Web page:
Book Review: The Girl on the Train by Paula Hawkins

Quick Review (read on for full review)

Gripping and compelling, this psychological thriller with an almost creepy undertone, asks the question, How well do we really know anyone else?  4 / 5

Summary (from Goodreads)

Rachel catches the same commuter train every morning. She knows it will wait at the same signal each time, overlooking a row of back gardens. She’s even started to feel like she knows the people who live in one of the houses. ‘Jess and Jason’, she calls them. Their life – as she sees it – is perfect. If only Rachel could be that happy. And then she sees something shocking. It’s only a minute until the train moves on, but it’s enough. Now everything’s changed. Now Rachel has a chance to become a part of the lives she’s only watched from afar. Now they’ll see; she’s much more than just the girl on the train…

Favourite Quote

Life is not a paragraph and death is no parenthesis.

(from The Girl on the Train by Paula Hawkins, pg17.  The quote is referencing a poem by E.E. Cummings)


I might appear to be behind with this one, but just let me just say, I can’t read super popular books when they are in the middle of their super-crazy-popular phase.  I have to wait until things calm down a bit before I can read them.  Why? I’m not sure really.  Perhaps it has something to do with wanting to find my own opinion and judgement on the book, and not be swayed by anyone else’s…As I said, I’m not sure really.  I’m pleased to say that I managed to keep far enough away from the buzz of this one, that, when I did finally pick it up, I had no idea what the book was about, apart from what the book title and description alluded to.

The pace is fast and the style of writing makes for fast and easy reading.  I had trouble putting the book down once I really got into the story, thanks to the creepy undertone of this psychological thriller; I needed to find out what happened next.

There are three women at the heart of this story – Rachel, Anna and Megan – and to be honest, none of them are particularly likeable.  And that doesn’t just go for these three woman; I would be hard pressed to name a character I actually liked in the book.

I felt very sorry for Rachel for what she had been through, and pitied her tremendously regarding her present situation.  On more than one occasion I had to put book the down as I found myself cringing so badly in reaction to what she was saying and doing; I just had to stop reading, pause and take a breather, before I could continue on.  My reaction to it reminded me of that scene from Friends when the book has to go into the freezer.  I spent most of the book not liking Anna at all.  I didn’t feel sorry for her and found her somewhat annoying, in a whiny, I want things my own way, sort of way.  And as for Megan and her destructive personality – gosh.  Then there was Scott and Tom…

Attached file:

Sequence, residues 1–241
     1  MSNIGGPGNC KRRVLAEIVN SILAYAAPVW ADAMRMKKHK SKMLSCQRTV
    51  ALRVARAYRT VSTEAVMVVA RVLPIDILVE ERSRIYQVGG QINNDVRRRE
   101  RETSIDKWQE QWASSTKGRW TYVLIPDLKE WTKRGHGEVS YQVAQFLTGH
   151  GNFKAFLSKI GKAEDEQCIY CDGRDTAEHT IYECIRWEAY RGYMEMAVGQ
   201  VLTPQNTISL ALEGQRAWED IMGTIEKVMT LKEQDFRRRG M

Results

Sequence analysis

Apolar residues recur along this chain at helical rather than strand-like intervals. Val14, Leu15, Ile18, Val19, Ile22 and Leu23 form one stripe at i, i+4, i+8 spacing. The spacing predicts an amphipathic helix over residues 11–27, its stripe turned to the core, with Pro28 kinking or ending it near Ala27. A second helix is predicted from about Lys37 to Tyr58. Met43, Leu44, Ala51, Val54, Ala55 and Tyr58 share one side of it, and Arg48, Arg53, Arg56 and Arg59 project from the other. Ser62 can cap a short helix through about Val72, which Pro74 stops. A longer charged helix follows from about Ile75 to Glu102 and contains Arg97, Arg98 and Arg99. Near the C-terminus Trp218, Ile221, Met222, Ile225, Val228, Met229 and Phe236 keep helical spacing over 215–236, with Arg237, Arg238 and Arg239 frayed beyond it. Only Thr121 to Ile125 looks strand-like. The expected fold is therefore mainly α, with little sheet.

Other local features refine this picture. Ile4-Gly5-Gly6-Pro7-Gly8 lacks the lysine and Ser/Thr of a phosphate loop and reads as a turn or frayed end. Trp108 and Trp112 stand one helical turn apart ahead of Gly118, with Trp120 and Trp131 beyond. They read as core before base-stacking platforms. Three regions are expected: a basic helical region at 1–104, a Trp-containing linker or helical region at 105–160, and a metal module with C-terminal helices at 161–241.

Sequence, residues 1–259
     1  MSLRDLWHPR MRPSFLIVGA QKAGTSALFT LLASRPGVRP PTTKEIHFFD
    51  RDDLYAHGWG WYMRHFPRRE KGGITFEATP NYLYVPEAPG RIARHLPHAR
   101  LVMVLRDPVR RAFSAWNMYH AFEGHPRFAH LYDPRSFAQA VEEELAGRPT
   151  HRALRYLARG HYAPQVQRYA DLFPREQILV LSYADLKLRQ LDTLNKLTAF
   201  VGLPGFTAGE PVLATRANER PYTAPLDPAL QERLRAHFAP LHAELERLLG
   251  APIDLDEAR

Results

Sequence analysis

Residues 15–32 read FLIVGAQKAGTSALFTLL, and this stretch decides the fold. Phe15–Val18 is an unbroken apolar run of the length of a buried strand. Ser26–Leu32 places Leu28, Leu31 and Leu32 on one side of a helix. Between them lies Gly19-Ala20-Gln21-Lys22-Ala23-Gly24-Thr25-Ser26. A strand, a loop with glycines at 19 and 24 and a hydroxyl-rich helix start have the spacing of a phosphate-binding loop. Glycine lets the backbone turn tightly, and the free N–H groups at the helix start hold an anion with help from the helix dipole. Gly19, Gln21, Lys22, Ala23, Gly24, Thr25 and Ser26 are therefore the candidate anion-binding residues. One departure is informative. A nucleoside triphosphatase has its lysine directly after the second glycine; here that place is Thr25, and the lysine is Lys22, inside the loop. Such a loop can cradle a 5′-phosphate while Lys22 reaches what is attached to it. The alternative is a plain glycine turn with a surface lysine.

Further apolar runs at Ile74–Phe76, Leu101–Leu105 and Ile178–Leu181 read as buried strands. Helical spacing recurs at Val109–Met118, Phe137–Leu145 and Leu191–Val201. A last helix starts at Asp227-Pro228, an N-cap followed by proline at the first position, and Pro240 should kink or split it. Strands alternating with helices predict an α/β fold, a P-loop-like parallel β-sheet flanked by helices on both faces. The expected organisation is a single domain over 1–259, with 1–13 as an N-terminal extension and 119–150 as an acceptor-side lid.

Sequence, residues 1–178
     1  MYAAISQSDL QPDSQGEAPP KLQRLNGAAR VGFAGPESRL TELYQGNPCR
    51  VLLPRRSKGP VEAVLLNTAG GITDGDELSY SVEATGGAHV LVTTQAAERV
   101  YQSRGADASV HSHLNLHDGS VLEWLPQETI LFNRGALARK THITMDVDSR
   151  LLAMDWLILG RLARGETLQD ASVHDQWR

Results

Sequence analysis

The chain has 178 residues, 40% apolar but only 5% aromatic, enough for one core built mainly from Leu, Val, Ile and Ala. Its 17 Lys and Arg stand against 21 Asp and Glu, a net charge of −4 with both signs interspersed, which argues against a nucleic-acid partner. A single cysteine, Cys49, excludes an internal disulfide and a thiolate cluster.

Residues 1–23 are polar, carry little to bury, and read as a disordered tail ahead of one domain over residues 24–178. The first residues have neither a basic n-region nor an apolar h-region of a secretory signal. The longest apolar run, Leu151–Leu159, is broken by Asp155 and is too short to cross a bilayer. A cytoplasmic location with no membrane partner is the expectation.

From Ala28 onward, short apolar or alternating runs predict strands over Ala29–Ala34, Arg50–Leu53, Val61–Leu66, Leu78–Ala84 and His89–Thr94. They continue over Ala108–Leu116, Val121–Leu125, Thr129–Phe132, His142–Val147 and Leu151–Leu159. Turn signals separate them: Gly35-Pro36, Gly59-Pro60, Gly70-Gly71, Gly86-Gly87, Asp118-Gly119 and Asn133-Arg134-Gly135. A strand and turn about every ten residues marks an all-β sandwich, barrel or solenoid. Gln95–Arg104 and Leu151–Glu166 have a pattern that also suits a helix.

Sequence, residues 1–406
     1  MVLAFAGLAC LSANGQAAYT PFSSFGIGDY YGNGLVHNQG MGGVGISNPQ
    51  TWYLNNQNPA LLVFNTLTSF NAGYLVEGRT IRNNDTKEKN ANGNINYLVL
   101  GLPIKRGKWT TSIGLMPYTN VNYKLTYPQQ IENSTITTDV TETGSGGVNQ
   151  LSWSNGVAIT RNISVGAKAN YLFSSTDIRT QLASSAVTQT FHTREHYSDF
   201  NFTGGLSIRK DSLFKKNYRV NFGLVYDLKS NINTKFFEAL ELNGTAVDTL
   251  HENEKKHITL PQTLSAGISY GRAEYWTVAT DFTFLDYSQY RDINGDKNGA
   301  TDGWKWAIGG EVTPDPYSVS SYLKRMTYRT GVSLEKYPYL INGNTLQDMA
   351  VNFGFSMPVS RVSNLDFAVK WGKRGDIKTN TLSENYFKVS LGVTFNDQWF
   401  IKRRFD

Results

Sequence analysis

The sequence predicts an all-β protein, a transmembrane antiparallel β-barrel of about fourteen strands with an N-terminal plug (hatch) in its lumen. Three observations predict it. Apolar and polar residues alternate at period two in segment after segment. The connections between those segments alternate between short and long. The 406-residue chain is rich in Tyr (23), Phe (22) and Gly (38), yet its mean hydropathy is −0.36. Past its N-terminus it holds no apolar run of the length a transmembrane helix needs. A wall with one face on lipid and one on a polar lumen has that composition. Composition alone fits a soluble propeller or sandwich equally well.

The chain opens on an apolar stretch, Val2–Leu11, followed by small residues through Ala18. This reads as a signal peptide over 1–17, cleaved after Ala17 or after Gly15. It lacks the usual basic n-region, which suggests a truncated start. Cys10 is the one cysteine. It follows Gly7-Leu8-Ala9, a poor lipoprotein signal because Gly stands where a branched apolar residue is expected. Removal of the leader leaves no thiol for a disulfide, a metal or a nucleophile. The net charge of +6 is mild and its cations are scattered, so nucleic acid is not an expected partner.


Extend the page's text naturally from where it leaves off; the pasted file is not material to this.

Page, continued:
What makes this book work and work well, is that the reader knows the characters can’t be trusted; they are unreliable narrators, as they admit to themselves they have blackouts and can’t remember things or hide things they don’t want to see from themselves as well as those around them.  So the story we are presented with is seen through a distorted prism and the reader is waiting for the picture to clear.  I did see the twist coming, but that in no way diminished my enjoyment of the book.  In fact, I think it heightened the tension.

This books asks the question: how well do we really know anyone else, even those we are close to, those we love, those we share our lives with?  What secrets might be lurking just below the surface, and what will happen when they finally come out?

This was definitely a gripping and compelling read, but I’ve only rated it four stars because it was filled, in my opinion, with wholly unlikeable characters whom, for the most part, I could not really connect to.  There are a number of emotional scenes in the story, which certainly ramped up the empathy factor but if you need to like the characters in the book you’re reading to enable you to enjoy it, this might not be for you.  But if love your fiction tense, psychological and full of secrets, where the mystery takes centre stage, then you might very well enjoy it.



6 thoughts on “Book Review: The Girl on the Train by Paula Hawkins

  1. Pingback: Bookish Reflections – March 2019 | Sammi Loves Books

  2. I resist reading a book that “everyone” is talking about too, but then sometimes I wish I knew what the heck everyone is talking about! From the beginning, this didn’t sound like my kind of book: I have enough anxiety in my life without reading thrillers. And I think I would be bothered by the unlikeable characters, too. So thanks for your review — now I don’t have to feel bad about not reading this one!

    Liked by 1 person

  3. By the way you describe it, I can imagine holding the book at full arm’s length, head turned away, to read it at an odd angle. And I have done that when encountering a painful scene, but not for the entire book.
    And I had thought it would be similar to Christie’s *4:30 Train from Paddington* 🙂

    Liked by 2 people

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